# What does 0.5lsb and 1.5lsb mean in ADC

1 LSB is the analog quantity corresponding to one step size in an ADC.

You write:

There is no binary state between 000 and 001 to associate with 0.5 lsb, and the digital output signal can only be integral value of lsb.

Correct. As per your picture, the step size is Vref/8. For instance digital output 010 is for analog input values of 1.5 to 2.5 LSB. That range is 1.0LSB wide.

The range of analog values that map to 000 is from 0V to Vref/16, and that's only 0.5 LSB wide.

The threshold to flip from 000 to 001 is at Vin = 0.5 LSB, so Vref/16.

But the next threshold is at Vref/16+Vref/8

The quote then goes on to say that asymmetry refers to a difference between the range at the very bottom (at 0.5LSB) vs the range at the very top top. More on that in a moment.

Technically you could set the first threshold at 0, and not 0.5LSB, but this has 2 problems.

Since in practice, there is no perfect 0V input (there is always some noise a minor offset etc..), this makes little sense. Even the smallest amount of input voltage would map to 001, which means you'd practically never have the bottom value, and in effect you have lost one LSB of resolution (the digital "000" practically never occurs, and the practical span is only from "001" to "111"). Although you could argue that this is fundamentally a poor design decision, ultimately it is only a very small loss.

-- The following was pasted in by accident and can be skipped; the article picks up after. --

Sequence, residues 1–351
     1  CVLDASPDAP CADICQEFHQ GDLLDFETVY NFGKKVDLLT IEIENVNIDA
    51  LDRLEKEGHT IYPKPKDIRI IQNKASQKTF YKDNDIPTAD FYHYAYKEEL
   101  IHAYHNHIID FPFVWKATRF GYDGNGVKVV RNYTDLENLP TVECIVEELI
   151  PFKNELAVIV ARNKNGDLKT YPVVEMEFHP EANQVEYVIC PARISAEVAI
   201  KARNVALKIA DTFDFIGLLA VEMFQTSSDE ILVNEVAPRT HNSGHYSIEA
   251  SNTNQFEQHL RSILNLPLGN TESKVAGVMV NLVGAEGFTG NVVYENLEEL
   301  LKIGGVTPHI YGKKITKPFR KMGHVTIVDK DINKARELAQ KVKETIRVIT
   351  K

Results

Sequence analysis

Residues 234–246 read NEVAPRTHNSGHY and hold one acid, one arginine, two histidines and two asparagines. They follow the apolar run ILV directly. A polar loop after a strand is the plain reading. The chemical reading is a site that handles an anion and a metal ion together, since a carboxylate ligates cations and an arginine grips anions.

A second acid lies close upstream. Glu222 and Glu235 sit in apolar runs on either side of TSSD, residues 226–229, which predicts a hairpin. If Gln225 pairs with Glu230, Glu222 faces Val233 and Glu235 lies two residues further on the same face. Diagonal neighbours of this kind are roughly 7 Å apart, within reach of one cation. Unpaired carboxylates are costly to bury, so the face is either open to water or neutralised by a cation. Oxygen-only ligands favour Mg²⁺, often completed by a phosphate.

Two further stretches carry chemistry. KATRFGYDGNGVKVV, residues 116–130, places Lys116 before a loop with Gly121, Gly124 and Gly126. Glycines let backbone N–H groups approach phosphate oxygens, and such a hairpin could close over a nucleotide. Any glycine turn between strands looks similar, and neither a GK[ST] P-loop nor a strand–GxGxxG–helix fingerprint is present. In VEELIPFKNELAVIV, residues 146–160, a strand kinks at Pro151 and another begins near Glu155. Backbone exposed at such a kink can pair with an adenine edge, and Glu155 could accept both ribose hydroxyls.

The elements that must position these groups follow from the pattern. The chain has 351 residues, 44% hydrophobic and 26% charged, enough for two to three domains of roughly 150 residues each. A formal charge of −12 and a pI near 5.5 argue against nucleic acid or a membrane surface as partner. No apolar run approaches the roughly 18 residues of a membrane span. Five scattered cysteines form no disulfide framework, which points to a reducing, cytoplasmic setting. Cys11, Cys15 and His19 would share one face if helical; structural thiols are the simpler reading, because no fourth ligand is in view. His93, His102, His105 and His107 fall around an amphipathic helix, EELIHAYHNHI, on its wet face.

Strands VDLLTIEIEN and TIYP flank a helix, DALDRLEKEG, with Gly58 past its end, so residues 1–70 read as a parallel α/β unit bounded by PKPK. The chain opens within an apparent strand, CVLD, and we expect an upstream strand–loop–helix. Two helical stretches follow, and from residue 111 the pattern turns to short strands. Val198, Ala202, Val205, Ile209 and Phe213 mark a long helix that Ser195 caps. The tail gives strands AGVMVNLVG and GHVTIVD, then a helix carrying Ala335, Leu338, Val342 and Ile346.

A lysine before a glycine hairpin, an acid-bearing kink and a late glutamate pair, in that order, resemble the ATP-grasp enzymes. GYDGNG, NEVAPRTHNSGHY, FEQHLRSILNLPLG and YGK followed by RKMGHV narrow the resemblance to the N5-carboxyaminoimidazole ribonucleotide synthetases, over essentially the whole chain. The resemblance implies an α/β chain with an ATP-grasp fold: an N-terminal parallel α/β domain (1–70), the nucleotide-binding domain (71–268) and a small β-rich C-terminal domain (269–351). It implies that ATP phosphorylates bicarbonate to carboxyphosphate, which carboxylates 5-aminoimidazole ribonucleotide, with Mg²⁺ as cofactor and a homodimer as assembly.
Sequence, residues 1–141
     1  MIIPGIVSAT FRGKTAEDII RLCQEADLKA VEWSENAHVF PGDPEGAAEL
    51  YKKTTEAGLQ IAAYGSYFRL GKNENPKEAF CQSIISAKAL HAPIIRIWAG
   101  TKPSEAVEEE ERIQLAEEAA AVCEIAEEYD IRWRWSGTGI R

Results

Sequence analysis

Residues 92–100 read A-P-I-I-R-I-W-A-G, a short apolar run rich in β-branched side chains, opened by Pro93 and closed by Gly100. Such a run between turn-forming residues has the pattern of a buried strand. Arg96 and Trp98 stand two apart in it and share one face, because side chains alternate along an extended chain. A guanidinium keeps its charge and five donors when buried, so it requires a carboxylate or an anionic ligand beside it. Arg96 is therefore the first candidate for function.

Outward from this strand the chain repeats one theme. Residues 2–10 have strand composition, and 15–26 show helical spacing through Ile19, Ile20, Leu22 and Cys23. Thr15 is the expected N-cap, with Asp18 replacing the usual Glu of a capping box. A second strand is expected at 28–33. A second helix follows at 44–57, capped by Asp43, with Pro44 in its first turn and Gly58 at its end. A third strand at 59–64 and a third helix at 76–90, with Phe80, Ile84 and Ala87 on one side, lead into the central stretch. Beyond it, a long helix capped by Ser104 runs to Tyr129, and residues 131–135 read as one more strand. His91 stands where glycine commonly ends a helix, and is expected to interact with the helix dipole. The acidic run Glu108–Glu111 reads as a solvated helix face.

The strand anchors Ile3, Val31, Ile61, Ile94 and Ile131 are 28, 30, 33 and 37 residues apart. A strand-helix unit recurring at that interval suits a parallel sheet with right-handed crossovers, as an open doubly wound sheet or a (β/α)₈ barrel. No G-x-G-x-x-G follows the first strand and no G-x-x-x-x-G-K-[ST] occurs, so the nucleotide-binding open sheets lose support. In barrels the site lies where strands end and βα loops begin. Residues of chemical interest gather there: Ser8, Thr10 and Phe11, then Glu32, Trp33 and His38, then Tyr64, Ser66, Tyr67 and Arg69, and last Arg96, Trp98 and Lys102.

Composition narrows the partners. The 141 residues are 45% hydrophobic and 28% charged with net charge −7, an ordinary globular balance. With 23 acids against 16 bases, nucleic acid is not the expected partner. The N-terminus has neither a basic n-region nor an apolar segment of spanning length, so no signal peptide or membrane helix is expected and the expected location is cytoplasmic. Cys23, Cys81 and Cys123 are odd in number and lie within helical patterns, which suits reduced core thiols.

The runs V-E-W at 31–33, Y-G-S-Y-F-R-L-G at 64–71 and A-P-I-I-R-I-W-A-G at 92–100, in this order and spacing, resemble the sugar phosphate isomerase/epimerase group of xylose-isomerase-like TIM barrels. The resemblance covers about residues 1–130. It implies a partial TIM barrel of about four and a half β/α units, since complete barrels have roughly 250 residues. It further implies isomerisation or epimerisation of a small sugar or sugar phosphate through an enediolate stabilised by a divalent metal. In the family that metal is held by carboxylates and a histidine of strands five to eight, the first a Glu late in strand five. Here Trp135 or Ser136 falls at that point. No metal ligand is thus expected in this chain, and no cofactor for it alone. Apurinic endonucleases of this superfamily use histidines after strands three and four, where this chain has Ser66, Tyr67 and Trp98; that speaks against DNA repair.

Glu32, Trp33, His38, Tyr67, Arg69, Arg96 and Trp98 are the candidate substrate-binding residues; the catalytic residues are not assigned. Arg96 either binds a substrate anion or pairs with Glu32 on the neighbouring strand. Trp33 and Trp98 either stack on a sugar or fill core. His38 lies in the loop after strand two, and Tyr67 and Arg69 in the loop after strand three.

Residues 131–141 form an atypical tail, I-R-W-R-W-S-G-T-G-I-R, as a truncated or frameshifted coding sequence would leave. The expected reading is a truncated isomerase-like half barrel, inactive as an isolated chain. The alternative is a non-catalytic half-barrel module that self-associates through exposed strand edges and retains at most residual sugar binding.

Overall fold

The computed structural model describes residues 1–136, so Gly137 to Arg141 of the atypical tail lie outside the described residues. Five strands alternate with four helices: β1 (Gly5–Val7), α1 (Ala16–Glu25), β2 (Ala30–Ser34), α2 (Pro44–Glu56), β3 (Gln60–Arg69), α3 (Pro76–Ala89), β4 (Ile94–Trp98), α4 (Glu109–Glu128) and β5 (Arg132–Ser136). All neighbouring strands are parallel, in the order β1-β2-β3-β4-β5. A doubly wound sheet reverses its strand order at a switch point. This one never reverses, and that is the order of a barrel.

Secondly, if you have a signed ADC (accepting and mapping negative input voltage to negative digital values), and you have a threshold at 0, then for instance an input of +1/10 LSB would map to digital 0 (0000), but -1/10 LSB would map to digital -1 (1111), and this introduces an undesired bias of 0.5 LSB on the digital side: a signal that fluctuates but has no bias on the analog side will appear to have a bias on the digital side.

Now more on the asymmetry: in my designs I am more concerned with the asymmetry around 0V, rather than the asymmetry between the step size around Vmax vs the step size around V=0. I would prefer negative values to be mapped symmetrically to positive values: you should be able to negate the input signal and get the exact same digital signal, but then negated.

That being said, in all higher resolution signal processing, and high resolution ADC (10 to 15 bits) that bias is really not something anyone worries about: there are plenty of sources for bias along the analog signal path leading to the ADC and they have to be digitally dealt with anyway, if not AC decoupled at the ADCs input.